Chapter Three: 1985–1986 49
In fact, the public campaign for the Reynolda campus did not begin until 1990 due to
a $40 million campaign under way at the Medical Center.
The 1990 campaign for the Reynolda campus will concentrate on facilities.  .
[A] shortage of space is being felt in student extracurricular programs and
most academic departments and schools. Our last two campaigns were devoted
to human resources: scholarships for students, professorships, and academic
support. The Scales Fine Arts Center was the only new space added, and it is a
highly specialized facility.
Hearn identified the need for a University center, a general classroom building, more
space for the science departments, additions to the Z. Smith Reynolds Library, and
new or more space for the undergraduate and graduate business programs. He also
had a funding source in mind:
Wake Forest parents represent our most important opportunity for new sup-
port. The building projects will be attractive to our parents, especially those
of undergraduates. Our research shows that both the interest and the giv-
ing potential of our parents are considerable. About 24 percent have annual
incomes of $100,000 or more. Moreover, between now and the campaign’s
conclusion in 1995, another 10,000 parent couples will be added to the 4,500
currently on our rolls.
Besides these future plans, the University continued receiving significant external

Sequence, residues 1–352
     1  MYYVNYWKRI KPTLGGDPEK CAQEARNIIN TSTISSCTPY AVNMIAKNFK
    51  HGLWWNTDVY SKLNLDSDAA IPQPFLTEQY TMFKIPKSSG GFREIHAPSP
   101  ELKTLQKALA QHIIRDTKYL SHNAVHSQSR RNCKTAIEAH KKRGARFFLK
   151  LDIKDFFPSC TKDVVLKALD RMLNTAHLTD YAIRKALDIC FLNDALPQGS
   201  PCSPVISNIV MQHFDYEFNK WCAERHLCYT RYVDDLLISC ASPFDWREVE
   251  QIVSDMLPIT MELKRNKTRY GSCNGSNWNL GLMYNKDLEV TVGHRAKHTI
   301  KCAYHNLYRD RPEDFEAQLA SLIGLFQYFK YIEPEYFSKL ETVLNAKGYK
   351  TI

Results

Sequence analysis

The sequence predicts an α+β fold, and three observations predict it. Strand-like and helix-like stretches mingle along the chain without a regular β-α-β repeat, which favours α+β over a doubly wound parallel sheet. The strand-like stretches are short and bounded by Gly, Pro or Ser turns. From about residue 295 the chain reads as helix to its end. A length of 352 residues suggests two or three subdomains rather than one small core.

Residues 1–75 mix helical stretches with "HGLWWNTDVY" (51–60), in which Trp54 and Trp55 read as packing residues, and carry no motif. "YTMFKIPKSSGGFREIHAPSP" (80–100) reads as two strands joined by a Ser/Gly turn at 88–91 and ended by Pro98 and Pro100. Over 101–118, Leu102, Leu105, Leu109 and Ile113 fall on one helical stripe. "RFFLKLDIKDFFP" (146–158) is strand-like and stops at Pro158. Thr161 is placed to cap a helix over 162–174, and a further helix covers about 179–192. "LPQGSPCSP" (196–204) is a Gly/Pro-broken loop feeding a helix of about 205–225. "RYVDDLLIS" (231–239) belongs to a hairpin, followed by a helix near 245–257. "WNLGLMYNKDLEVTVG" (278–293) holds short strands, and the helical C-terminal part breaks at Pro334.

support. William F. Carl, co-founder and director of the Golden Corral Corporation
and a member of the Babcock Board of Visitors, gave a multi-million dollar gift in
support of the Babcock School, which at the time enrolled approximately 275 stu-
dents in its resident and weekend executive MBA programs. Other Babcock donors
included a matching gift of $500,000 over five years from the Mary Reynolds Babcock
Foundation, and $50,000 from the Broyhill Family Foundation to endow a lecture
series that exposed business students to industry leaders.
In other acts of philanthropy, the Z. Smith Reynolds Foundation awarded the
University a grant that “includes $1 million to endow additional Reynolds scholar-
ships, $500,000 to be added to the Reynolds professorships endowment, $600,000
for additional minority scholarships, and $130,000 per year to increase the Foun-
dation’s annual operating contract from $620,000 to $750,000.” Wake Forest was
able to award four more Reynolds scholarships beginning with the 1986 freshman
class, for a total of twenty. In another generous act, Egbert L. Davis Jr. created the
Eleanor Layfield Davis Art Scholarship for undergraduate students in memory of his
wife. According to Wake Forest University Magazine, “Total giving to Wake Forest
for 1985–1986 topped the $20 million mark, an $8 million increase over 1984–1985.
These figures place Wake Forest among the five best schools in the South in voluntary
In addition, the Charles A. Dana Foundation of New York awarded the Univer-
sity $300,000 to fund four junior-level, tenure-track faculty positions. According
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